According to one game warden who did not want to be identified, it’s not uncommon for wounded deer to run to water, nor for hunters to take extraordinary means — including swimming — to retrieve their game.

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According to the Northeastern Regional Association of Coastal Ocean Observing Systems buoy in Penobscot Bay, the water temperature was barely 48 degrees that night. And after considering other alternatives, he plunged into the bay and swam out to the deer. He gathered himself, prepared to tow the deer back to shore, and ended up with a big surprise.

The deer was still alive.

“I muckled right onto his hind leg to pull him behind me and he just thrusted out of the water. He was alive,” Nickels said. “His eyes opened up and he just thrusted out of the water … like a scallop trawler in a nor’easter. He just plowed through the waves, and away he went. Heading for deeper water, Penobscot Bay. Away he went. I was just speechless.”

Back in the drink

After that disastrous outcome, all he and Kristen could do was sit and lament their misfortune, again.

“Both of us thought that couldn’t have happened,” he said. “And both of us thought it was over.”

They trained the spotlight on the retreating deer until it was nearly out of sight, and Robbie Nickels turned to start climbing back up to the top of the cliff.

Kristen, however, took a final look out into the bay, and couldn’t believe what she saw.

“She looks back again and said, ‘Dad, he turned around!’”

Sure enough, the buck began swimming back toward Lasell Island. The duo scrambled up the ledges and began tracking the swimming deer, which had taken a turn toward the south. Eventually, blowdowns and obstacles forced them to head inland, and when they returned to the bay after a cross-country traverse, the buck had succumbed to its injuries.

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“He was belly-up, floating in the water,” Nickels said.

The deer floated in the current until it became fetched up on another bunch of rocks. At that point, Nickels realized his night of swimming wasn’t quite over.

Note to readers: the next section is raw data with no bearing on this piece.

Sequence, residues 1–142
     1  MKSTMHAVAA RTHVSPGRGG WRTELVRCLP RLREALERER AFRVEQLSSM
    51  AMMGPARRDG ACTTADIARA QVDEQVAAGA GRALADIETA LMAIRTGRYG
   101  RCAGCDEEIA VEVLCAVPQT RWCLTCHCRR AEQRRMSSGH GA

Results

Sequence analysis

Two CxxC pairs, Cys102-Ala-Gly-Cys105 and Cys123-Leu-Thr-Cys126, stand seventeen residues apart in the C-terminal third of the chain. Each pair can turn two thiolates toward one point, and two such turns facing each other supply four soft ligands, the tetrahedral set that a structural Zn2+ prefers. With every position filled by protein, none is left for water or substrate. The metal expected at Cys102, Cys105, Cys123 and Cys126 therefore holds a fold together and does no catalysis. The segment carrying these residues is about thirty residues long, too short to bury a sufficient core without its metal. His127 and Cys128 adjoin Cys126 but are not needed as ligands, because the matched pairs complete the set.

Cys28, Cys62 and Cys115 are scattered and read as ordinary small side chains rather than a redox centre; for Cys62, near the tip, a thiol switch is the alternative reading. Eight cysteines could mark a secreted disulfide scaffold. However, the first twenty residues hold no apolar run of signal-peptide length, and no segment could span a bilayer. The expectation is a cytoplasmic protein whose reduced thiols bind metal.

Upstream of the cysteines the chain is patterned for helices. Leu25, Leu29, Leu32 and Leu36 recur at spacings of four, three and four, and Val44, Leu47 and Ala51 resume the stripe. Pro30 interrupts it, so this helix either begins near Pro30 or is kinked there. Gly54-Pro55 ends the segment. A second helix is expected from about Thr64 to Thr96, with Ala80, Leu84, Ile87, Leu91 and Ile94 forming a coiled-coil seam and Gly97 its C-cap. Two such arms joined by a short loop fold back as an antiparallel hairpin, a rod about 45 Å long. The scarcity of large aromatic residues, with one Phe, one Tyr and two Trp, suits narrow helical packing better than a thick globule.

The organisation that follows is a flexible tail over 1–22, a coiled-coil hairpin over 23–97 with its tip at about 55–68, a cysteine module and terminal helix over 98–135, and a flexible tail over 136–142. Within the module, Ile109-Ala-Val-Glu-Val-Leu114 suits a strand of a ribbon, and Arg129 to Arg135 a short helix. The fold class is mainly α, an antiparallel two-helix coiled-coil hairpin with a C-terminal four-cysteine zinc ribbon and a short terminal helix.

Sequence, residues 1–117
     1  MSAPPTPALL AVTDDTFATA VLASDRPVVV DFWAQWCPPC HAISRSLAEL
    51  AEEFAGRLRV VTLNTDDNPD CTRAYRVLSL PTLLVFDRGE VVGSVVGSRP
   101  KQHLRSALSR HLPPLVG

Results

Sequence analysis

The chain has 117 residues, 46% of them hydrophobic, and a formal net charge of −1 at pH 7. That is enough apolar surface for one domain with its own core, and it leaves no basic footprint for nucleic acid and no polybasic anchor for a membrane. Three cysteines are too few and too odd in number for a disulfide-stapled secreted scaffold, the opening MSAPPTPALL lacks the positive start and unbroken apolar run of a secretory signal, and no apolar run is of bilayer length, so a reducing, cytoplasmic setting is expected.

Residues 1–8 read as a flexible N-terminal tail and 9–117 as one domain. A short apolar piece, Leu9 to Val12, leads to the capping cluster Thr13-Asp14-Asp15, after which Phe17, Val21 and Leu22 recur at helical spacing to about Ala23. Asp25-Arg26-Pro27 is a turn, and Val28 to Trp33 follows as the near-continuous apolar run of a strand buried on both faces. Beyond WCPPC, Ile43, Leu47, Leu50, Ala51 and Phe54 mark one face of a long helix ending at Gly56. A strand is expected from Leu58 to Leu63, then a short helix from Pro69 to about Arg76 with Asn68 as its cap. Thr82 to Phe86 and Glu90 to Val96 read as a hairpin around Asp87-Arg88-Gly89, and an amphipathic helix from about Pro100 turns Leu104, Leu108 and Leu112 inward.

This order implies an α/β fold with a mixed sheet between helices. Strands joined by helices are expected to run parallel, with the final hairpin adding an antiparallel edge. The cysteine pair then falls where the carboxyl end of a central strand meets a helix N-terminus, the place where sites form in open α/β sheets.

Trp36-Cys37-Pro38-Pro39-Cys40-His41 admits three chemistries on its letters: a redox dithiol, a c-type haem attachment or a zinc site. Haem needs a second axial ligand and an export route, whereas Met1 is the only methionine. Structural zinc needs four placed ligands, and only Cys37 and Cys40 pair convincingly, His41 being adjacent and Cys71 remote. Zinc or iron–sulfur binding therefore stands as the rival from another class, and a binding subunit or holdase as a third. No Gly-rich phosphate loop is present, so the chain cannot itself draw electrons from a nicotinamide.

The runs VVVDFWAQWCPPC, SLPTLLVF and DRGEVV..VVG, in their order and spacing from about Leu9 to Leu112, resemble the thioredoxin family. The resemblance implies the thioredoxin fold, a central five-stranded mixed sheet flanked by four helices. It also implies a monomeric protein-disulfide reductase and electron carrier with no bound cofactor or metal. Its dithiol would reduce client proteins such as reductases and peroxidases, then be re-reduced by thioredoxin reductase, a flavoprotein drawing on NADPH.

“It was obvious I was going to go back into the water, so we went back to camp and warmed up,” he said. “This time, I got a wetsuit on. Partially. It wasn’t my wetsuit. It was a girl’s wetsuit and way too small, and I couldn’t get it up over my ass. It was kinda partially on.”

Which made him kinda partially warmer than he had been. Which was good.

Credit: Courtesy of Kristen Nickels

Nickels eventually waded out, water up to his waist, and hooked a rope around the buck. Then he and Kristen were able to haul it into a cliffside cave until Nickels could bring an excavator close enough to the edge to hoist it to dry land.

By the time that extrication effort was over, it was nearly midnight. Nickels said he never weighs the deer he shoots, but estimated the buck weighed 185 pounds. Soaking wet.

“She was excited. I was excited. We kept saying, ‘I can’t believe that just happened.’ And ‘I can’t believe we got the deer,’” Nickels said.

All of which led to a story that even Kristen Nickels recognizes sounds far-fetched.

“[She said], ‘You always have a lot of stories. If I hadn’t been here with you to witness it, I probably’d never believe it,’” Nickels said.

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John Holyoke

John Holyoke has been enjoying himself in Maine's great outdoors since he was a kid. He spent 28 years working for the BDN, including 19 years as the paper's outdoors columnist or outdoors editor. While...